No time of day can be more challenging than the busy hours after school. Older kids may be home alone, younger ones are with caregivers and parents are tied up with carpools or making dinner. Here’s a lesson plan for making a few family guidelines to stick to healthier habits. Make snack time, playtime or after-school care healthy…no studying required!
To leave room for dinner, try these tips: fit snacking in two hours before your meal, eat snacks from a plate instead of from a bag or container, and sit down at the table to snack rather than munching mindlessly in front of a screen.
Make healthier snacks the easy choice for everyone by putting them in the front of the fridge or pantry. Some examples of healthier snacks include string cheese, yogurt, sliced fruits and veggies, pretzels, nuts and dry cereals. When you can, shop ahead and let your kids put snack bags together over the weekend.
If your kid reaches for the remote or game controller to wind down after school, don’t worry too much. Sit down as a family and come up with a few guidelines that will help keep the focus on being and staying active!
About 30 minutes of recreational screen time after school is a fair amount. If you or your child needs to use a screen for your evening work, physical activity beforehand helps boost brain power for homework later.
Getting enough physical activity or play after school makes for better health, grades and sleep. With so much sitting during the school (and work!) day, after school, it is critical to try to reach 60 minutes of active play each day.
Ask kids to brainstorm their playtime—suggest riding bikes, jumping rope, playing tag or walking the dog. Set an example and play along when you can. Don’t forget rainy-day play like dancing, hula hooping, playing balloon volleyball, Simon Says or even active video games.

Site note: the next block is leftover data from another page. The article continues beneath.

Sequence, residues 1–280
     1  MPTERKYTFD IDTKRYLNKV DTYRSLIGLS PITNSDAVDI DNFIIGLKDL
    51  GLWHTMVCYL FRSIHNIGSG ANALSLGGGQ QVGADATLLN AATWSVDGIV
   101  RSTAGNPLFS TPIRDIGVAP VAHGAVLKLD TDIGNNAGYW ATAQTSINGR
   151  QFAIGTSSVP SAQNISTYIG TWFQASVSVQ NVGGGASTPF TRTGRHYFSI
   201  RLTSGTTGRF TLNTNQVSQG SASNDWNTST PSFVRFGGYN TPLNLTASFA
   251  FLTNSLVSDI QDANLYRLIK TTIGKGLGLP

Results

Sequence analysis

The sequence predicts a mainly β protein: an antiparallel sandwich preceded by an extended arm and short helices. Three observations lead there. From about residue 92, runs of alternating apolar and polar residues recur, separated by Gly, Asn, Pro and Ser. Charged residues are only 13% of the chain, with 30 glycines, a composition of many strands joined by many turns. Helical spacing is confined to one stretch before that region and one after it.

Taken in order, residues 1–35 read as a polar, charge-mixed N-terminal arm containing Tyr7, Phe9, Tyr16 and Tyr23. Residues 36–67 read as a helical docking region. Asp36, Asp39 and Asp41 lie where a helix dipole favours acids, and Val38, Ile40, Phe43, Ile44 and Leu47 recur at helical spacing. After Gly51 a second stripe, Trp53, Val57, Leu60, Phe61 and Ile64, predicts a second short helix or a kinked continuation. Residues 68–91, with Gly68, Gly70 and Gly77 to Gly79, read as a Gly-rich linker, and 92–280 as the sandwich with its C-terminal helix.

Make sure healthy snacks, limited screen time and active after-school play are part of your caregiver’s checklist. Define your guidelines for both the caregiver and your child so everyone knows what they should or shouldn’t do.
At the end of each day, offer activity ideas for the next day and praise your caregiver’s help building healthy brains and bodies (which shows that they care a lot more than any treat ever could).
An after-school program, childcare center, sports team or a youth organization like Boys & Girls Club can often be a big help in meeting food, playtime and limited screen time goals. Look for a program that provides healthy snacks and opportunities for physical activity, both indoors and out.
If you don’t have control over snacks or one isn’t provided, send fruit or a nut butter sandwich and a water bottle from home. Ask if the after-school program offers time to finish homework so your whole family can enjoy more playtime later.
Check out this checklist from the Georgia Statewide Afterschool Network.